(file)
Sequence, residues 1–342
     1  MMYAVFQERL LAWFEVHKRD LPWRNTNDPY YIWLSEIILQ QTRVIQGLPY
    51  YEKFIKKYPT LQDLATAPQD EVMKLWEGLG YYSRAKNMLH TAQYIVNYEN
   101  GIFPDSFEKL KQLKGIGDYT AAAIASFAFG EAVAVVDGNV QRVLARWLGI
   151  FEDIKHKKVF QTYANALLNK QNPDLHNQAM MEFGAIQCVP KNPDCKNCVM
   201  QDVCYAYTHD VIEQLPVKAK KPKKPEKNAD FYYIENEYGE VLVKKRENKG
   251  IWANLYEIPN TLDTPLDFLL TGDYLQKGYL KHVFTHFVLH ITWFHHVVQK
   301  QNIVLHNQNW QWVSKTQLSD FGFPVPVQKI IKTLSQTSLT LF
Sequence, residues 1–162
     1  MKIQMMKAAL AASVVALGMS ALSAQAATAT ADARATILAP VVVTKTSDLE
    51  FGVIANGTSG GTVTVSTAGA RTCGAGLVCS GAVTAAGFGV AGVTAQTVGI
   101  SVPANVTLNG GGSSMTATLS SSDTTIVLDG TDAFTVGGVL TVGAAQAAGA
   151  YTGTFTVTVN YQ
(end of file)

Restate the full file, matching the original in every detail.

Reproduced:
Sequence, residues 1–342
     1  MMYAVFQERL LAWFEVHKRD LPWRNTNDPY YIWLSEIILQ QTRVIQGLPY
    51  YEKFIKKYPT LQDLATAPQD EVMKLWEGLG YYSRAKNMLH TAQYIVNYEN
   101  GIFPDSFEKL KQLKGIGDYT AAAIASFAFG EAVAVVDGNV QRVLARWLGI
   151  FEDIKHKKVF QTYANALLNK QNPDLHNQAM MEFGAIQCVP KNPDCKNCVM
   201  QDVCYAYTHD VIEQLPVKAK KPKKPEKNAD FYYIENEYGE VLVKKRENKG
   251  IWANLYEIPN TLDTPLDFLL TGDYLQKGYL KHVFTHFVLH ITWFHHVVQK
   301  QNIVLHNQNW QWVSKTQLSD FGFPVPVQKI IKTLSQTSLT LF
Sequence, residues 1–162
     1  MKIQMMKAAL AASVVALGMS ALSAQAATAT ADARATILAP VVVTKTSDLE
    51  FGVIANGTSG GTVTVSTAGA RTCGAGLVCS GAVTAAGFGV AGVTAQTVGI
   101  SVPANVTLNG GGSSMTATLS SSDTTIVLDG TDAFTVGGVL TVGAAQAAGA
   151  YTGTFTVTVN YQ